Contributors
Coleman, Robert, Warren-Findley, Jannelle, Szuter, Christine, et al.
Created Date
2013

Museums reflect power relations in society. Centuries of tradition dictate that museum professionals through years of study have more knowledge about the past and culture than the communities they present and serve. As mausoleums of intellect, museums developed cultures that are resistant to relinquishing any authority to the public. The long history of museums as the authority over the past led to the alienation and exclusion of many groups from museums, particular indigenous communities. Since the 1970s, many Native groups across the United States established their own museums in response to the exclusion of their voices in mainstream institutions. As …

Contributors
Heisinger, Meaghan E., Fixico, Donald, Szuter, Christine, et al.
Created Date
2013

Baseball is the quintessential American game. To understand the country one must also understand the role baseball played in the nation's maturation process. Embedded in baseball's history are (among other things) the stories of America's struggles with issues of race, gender, immigration, organized labor, drug abuse, and rampant consumerism. Over the better part of two centuries, the national pastime both reflected changes to American culture and helped shape them as well. Documenting these changes and packaging them for consumption is the responsibility of the National Baseball Hall of Fame and Museum in Cooperstown, New York. Founded as a tourist attraction …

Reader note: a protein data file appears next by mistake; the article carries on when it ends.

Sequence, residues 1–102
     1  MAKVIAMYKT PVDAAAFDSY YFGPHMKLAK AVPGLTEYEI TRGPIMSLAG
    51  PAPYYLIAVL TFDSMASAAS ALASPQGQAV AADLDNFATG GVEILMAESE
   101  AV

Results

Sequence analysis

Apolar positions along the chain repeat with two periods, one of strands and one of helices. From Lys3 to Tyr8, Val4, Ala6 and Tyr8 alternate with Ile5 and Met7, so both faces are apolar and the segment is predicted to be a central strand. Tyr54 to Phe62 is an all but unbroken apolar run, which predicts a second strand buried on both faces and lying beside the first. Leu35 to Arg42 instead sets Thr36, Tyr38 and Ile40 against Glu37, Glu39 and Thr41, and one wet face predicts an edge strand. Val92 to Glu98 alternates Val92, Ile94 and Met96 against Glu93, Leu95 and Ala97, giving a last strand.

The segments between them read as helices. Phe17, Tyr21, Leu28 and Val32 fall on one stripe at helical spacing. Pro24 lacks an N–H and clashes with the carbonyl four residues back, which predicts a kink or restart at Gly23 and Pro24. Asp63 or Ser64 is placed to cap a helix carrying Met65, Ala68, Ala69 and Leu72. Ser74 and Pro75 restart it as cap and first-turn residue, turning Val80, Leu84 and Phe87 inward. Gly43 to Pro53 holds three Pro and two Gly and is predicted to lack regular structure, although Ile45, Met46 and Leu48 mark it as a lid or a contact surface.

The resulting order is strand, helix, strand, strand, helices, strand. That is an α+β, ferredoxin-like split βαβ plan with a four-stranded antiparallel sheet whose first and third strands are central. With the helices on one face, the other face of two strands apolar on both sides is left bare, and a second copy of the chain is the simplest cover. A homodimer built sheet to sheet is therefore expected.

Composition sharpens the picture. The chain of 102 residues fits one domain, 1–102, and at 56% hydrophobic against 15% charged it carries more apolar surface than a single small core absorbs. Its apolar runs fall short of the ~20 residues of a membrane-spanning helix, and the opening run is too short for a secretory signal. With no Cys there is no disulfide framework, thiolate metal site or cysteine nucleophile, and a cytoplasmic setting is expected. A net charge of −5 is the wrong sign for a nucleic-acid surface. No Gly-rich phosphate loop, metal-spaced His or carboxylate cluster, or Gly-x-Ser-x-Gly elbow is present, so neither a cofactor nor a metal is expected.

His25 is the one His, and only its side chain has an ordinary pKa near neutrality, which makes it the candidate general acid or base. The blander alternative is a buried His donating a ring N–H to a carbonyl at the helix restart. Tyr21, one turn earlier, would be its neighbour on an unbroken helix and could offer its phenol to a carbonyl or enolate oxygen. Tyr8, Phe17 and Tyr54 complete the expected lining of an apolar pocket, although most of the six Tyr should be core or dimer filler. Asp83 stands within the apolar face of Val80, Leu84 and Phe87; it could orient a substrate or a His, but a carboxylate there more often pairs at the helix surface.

Contributors
Mangan, Gregory, Warren-Findley, Jannelle, Szuter, Christine, et al.
Created Date
2013

This dissertation is a cultural history of the frontier stories surrounding an Arizona politician and Indian trader, John Lorenzo Hubbell. From 1878 to 1930, Hubbell operated a trading post in Ganado, Arizona--what is today Hubbell Trading Post National Historic Site. During that time, he played host to hundreds of visitors who trekked into Navajo country in search of scientific knowledge and artistic inspiration as the nation struggled to come to terms with industrialization, immigration, and other modern upheavals. Hubbell became an important mediator between the Native Americans and the Anglos who came to study them, a facilitator of the creation …

Contributors
Cottam, Erica, Pyne, Stephen, Szuter, Christine, et al.
Created Date
2014

During the nineteenth century, children's physical health became a dominant theme in France and Great Britain, two of Europe's pediatric pioneers. This dissertation examines how British and French doctors, legislators, hospital administrators, and social reformers came to see the preservation of children's physical health as an object of national and international concern. Medical knowledge and practice shaped, and was shaped by, nineteenth-century child preservation activities in France and Great Britain, linking medicine, public health, and national public and private efforts to improve the health of nations, especially that of their future members. Children's hospitals played a significant role in this …

Contributors
McBride-Schreiner, Stephanie Sandra, Fuchs, Rachel G., Green, Monica, et al.
Created Date
2014